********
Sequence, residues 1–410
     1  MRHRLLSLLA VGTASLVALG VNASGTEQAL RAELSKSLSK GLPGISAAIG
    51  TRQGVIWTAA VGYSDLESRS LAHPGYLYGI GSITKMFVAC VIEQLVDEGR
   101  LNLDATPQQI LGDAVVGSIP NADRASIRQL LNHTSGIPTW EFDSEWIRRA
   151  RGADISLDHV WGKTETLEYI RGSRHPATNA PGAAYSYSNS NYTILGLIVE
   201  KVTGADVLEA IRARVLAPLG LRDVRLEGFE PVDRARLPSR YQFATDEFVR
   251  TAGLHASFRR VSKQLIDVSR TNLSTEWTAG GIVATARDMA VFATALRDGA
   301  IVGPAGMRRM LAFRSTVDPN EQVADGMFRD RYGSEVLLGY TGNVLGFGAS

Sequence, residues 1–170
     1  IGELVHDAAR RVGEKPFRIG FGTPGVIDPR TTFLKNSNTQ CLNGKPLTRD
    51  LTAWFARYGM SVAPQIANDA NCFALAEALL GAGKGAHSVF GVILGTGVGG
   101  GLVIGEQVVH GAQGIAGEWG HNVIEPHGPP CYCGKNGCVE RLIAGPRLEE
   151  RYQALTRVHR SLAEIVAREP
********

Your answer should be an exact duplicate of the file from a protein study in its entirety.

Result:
Sequence, residues 1–410
     1  MRHRLLSLLA VGTASLVALG VNASGTEQAL RAELSKSLSK GLPGISAAIG
    51  TRQGVIWTAA VGYSDLESRS LAHPGYLYGI GSITKMFVAC VIEQLVDEGR
   101  LNLDATPQQI LGDAVVGSIP NADRASIRQL LNHTSGIPTW EFDSEWIRRA
   151  RGADISLDHV WGKTETLEYI RGSRHPATNA PGAAYSYSNS NYTILGLIVE
   201  KVTGADVLEA IRARVLAPLG LRDVRLEGFE PVDRARLPSR YQFATDEFVR
   251  TAGLHASFRR VSKQLIDVSR TNLSTEWTAG GIVATARDMA VFATALRDGA
   301  IVGPAGMRRM LAFRSTVDPN EQVADGMFRD RYGSEVLLGY TGNVLGFGAS

Sequence, residues 1–170
     1  IGELVHDAAR RVGEKPFRIG FGTPGVIDPR TTFLKNSNTQ CLNGKPLTRD
    51  LTAWFARYGM SVAPQIANDA NCFALAEALL GAGKGAHSVF GVILGTGVGG
   101  GLVIGEQVVH GAQGIAGEWG HNVIEPHGPP CYCGKNGCVE RLIAGPRLEE
   151  RYQALTRVHR SLAEIVAREP